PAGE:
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Six writers are credited to Fort Yuma Gold (Augusto Finocchi, Massimiliano Capriccioli, Sandro Continenza, Remigio Del Grosso,Leonardo Martín, Gilles Morris-Dumoulin), with a story that owed not a little bit to Jules Verne’s 1876 novel, Michael Strogoff: The Courier of the Czar (particularly the plot element of the hero pretending to be blind to thwart his tormentors). Usually that many cooks spoils the soup, so it’s a testament to Ferroni’s marshaling skills that Fort Yuma Gold’s busy storyline comes over in a cohesive, professional manner.

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Whenever the routine threatens to overtake Fort Yuma Gold, something unexpected happens to let us know that this is one of the better outings in that notoriously “iffy” genre, the spaghetti western. Funny little asides, like the town bum lamenting, “Peace sure is hell,” (no more booze or loose women), alternate with surprising plot twists, like Sgt. Pitt buying it early (I thought for sure he was going to be Gemma’s Bud Spencer), or Riggs not raping Miss Breastfull (he gets her to strip, and then contemptuously sneers, “Enough of this comedy.” He was merely looking for the hidden dispatch).

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The production design looks fairly opulent for the usually low-budget spaghettis (cinematographer Rafael Pacheco achieves a couple of nice lighting effects). And Ferroni’s pacing is assured, particularly during the effective “blind” segment, where Gemma pretends to be sightless…while picking off his enemies, one by one (famed Enzo G. Castellari, working here as assistant director, is credited with the massive barroom brawl; it’s flawlessly choreographed like a hyper-violent ballet).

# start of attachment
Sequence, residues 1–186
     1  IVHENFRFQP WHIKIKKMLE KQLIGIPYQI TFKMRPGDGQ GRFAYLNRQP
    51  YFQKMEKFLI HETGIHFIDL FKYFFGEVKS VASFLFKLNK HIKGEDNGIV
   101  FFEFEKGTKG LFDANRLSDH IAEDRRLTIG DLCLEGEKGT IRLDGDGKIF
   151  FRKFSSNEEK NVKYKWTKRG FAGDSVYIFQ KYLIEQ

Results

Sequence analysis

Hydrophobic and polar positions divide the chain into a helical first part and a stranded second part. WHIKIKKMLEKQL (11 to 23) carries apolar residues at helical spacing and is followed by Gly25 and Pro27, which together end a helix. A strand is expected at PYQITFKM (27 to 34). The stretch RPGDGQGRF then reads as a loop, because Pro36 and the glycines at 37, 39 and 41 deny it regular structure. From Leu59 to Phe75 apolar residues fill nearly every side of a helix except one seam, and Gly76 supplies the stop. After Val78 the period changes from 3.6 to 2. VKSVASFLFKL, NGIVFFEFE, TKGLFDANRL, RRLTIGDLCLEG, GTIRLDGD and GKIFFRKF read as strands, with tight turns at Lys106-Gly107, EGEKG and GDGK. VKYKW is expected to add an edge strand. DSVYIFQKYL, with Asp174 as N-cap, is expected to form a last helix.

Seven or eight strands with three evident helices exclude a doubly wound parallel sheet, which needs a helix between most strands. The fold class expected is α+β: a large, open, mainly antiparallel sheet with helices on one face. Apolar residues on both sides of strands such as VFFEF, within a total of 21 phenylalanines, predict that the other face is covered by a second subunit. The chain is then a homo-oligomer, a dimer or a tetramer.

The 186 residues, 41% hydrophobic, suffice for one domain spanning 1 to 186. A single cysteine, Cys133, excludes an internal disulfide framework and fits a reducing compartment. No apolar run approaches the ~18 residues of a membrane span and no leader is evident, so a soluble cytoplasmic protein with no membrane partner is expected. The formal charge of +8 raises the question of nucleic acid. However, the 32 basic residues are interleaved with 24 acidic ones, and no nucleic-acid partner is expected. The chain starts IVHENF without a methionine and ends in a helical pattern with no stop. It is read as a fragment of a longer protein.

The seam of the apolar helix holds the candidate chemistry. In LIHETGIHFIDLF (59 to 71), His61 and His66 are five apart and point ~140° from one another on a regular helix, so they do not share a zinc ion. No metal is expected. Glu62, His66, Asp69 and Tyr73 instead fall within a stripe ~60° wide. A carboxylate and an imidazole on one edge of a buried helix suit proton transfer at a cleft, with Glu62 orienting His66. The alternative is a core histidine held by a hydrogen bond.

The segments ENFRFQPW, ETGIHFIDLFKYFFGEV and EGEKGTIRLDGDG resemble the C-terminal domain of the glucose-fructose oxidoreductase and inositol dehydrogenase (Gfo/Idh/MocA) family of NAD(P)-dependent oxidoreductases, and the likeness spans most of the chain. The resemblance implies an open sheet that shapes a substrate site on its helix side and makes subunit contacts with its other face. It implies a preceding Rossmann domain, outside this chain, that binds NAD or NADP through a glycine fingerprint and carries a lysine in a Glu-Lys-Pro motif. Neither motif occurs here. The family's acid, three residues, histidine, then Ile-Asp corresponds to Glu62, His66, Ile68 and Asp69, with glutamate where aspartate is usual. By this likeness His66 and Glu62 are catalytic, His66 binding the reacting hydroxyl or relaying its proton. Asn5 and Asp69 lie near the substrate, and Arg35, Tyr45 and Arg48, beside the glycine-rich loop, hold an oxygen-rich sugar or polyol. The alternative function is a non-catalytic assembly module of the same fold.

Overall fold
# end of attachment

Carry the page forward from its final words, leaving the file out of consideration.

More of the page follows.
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Ever since the media a few years ago conspired with the Left to make anything related to the Confederacy a hate crime waiting to happen (so long, Duke boys!), I’ve wondered what the “film critics” (heehee!) would do with all those formerly-beloved spaghetti westerns that sympathized with the underdog Southern cause (uh oh…). Fort Yuma Gold takes a fairly “live and let live” approach to the Civil War (thus, according to today’s goon squad orthodoxy, this movie needs to be permanently erased…), with Union and former Confederacy agents ultimately working together to defeat bandits whose motivation is greed, not “cause.” I don’t suppose, though, that we’ll hear a peep about that “old Indian trick” which constitutes Fort Yuma Gold’s most memorable scene: Gemma staked out in the desert, his eyes pried open with rope netting and tiny mirrors, to blind himself in the blazing sun. Bet no one is going to bitch about that….

PAUL MAVIS IS AN INTERNATIONALLY PUBLISHED MOVIE AND TELEVISION HISTORIAN, A MEMBER OF THE ONLINE FILM CRITICS SOCIETY, AND THE AUTHOR OF THE ESPIONAGE FILMOGRAPHY. Click to order.Read more of Paul’s film reviews here. Read Paul’s TV reviews at our sister website, Drunk TV.